John Milnor awoke to a 6 a.m. phone call the morning of March 23. A voice informed him that he was chosen by a committee of five mathematicians as the winner of the prestigious Abel Prize—and one million dollars—for his outstanding scientific work in the field of mathematics.

Milnor, co-director of the Institute for Mathematical Sciences and distinguished professor at Stony Brook, tried to take it in.

“I knew that many people were possible candidates,” he says. “I certainly had no reason to expect the award.”

Milnor’s bedroom-sized office is a maze of papers and notes stacked feet high atop his desk and the neighboring couch.

A cluttered desk is a sign of genius, the saying goes, though Milnor humbly smiles at the remark and questions its truth. “Mathematicians are a very varied crew,” he says. “Some of us are very neat.”

The Abel Commitee citation on their decision to award Milnor the prize applauds his profoundly impacting discoveries.

“He has often tackled difficult, cutting-edge subjects, where no account in book form existed,” it says. “Adding novel insights, [Milnor] produced a stream of timely yet lasting works of masterly lucidity.”

At 80 years of age, Milnor says he has no significant plans for the money in the quiet tone with which he answers every question.

“My ambition is to lead a quiet life and keep on doing what I’ve been doing—which has been very difficult during the last few weeks.”

His first work was in the field of topology, or the study of the properties of a shape that remain the same after an object is deformed or twisted in some way. He came across a problem that no one had known existed—that of taking a bumpy surface and smoothing it out without changing the basic topology, or which points are close to which points–which is not always possible, Milnor found.

Topological problems gave way to problems in algebra, in which Milnor worked for a few years until he developed an interest for dynamical problems, or problems in systems that change with time, he said.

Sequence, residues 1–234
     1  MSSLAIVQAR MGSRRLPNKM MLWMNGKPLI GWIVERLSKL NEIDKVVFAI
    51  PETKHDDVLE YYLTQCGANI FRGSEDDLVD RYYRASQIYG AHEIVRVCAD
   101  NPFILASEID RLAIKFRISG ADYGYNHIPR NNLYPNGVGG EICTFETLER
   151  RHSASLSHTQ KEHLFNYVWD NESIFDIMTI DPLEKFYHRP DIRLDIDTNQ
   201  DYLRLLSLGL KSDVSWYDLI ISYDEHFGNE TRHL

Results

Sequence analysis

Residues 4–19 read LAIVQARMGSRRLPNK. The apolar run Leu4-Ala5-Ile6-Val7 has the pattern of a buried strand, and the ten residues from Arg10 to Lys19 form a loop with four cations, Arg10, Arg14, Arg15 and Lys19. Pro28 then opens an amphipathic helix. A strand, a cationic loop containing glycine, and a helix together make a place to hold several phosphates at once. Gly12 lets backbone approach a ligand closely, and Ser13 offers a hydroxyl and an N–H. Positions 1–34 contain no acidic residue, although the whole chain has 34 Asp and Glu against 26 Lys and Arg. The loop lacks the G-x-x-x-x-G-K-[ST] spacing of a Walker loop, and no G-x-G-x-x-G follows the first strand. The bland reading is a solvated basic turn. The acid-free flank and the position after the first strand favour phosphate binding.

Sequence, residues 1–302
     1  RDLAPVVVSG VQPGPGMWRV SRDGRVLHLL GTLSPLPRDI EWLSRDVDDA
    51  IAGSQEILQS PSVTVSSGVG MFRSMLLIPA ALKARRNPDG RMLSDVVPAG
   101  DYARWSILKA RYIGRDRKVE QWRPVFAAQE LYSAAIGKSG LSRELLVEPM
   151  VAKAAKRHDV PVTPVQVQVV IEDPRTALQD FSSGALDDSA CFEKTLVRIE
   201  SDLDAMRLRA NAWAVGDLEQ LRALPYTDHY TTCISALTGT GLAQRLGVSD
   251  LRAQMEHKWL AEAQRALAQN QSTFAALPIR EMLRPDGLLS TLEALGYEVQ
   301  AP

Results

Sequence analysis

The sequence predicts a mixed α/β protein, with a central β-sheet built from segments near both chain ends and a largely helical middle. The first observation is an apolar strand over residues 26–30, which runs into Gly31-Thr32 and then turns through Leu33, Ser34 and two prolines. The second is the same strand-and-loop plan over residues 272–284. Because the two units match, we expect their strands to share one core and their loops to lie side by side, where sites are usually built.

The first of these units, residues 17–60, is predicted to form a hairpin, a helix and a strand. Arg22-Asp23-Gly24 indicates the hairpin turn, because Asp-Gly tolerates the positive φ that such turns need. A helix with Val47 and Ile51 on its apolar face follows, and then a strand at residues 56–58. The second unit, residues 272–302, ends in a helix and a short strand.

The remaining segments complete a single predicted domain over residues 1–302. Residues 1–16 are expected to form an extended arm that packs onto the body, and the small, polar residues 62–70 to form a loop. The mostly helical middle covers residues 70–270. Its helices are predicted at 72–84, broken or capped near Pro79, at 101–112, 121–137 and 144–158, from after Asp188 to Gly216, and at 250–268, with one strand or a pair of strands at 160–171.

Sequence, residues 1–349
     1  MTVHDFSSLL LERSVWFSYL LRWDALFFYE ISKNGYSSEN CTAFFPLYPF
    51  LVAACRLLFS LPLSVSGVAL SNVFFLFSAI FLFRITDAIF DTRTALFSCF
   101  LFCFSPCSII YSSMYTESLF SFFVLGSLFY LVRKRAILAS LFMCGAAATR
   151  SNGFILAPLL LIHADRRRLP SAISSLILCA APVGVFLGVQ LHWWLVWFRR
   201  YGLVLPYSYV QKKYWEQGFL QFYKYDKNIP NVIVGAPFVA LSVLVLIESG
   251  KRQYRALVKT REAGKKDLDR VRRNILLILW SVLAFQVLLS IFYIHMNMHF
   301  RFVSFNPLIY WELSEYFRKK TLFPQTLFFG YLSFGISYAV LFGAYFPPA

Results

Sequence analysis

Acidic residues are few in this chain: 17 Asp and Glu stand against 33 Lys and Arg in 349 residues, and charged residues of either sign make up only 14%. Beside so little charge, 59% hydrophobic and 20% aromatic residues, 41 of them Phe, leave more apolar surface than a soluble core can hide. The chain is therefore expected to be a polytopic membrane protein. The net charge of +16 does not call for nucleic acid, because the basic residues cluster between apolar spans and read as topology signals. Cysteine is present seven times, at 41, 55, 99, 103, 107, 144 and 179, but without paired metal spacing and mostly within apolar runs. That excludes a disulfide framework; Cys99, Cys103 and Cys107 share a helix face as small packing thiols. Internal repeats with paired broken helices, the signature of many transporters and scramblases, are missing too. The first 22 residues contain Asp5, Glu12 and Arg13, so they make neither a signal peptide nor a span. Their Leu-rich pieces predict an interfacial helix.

“He is truly one of the greats, a mathematician who has hugely enhanced the subject and inspired many others,” William Timothy Gowers, a professor at Cambridge University, wrote at the end of his essay outlining Milnor’s work.

But his discoveries have implications that stretch far beyond the field of mathematics.

“In the area of dynamical systems in which I’ve been working lately, the problems have usually arose in understanding the real world, in understanding why fluids flow the way they do, why planets move the way they do,” Milnor said. “The ideas of geometry smooth manifold, which were developed in the 19th century just purely for mathematical reasons, became very important when Einstein had to use them to develop his theory of relativity.”

Milnor graduated from Princeton University in 1951 and soon after was appointed to the faculty there. He received his doctorate in 1954, and was promoted to professor in 1960. Milnor joined the faculty of the Institute for Advanced Study at Princeton in 1970, where he remained before becoming the first Director of the Institute for Mathematical Sciences at Stony Brook.

“We were perfectly happy commuting back and forth between Princeton and Stony Brook until our child grew old enough to talk, and he objected very much to being back and forth,” he said. “At that point I got a very nice offer from Stony Brook, and it seemed to make life much simpler.”

The Abel Prize is only the latest of Milnor’s various awards and honors, which include the Fields Medal he received in 1962, three Steele Prizes and the Wolf Prize awarded in 1989.

“The Abel Prize is an extraordinary honor and wonderful recognition for Jack Milnor,” Stony Brook President Samuel Stanley said in a press release. “It is also a wonderful confirmation of the strength of Stony Brook’s mathematics group, which continues to generate scholarly output of the highest order. We are very proud of Dr. Milnor.”

As to what is left to discover and where his work will take him next, Milnor says it’s hard to know.

“I’ve never had much of a record as to predicting what will happen next. I just tend to sit back and try to learn what’s happening and enjoy it.**“**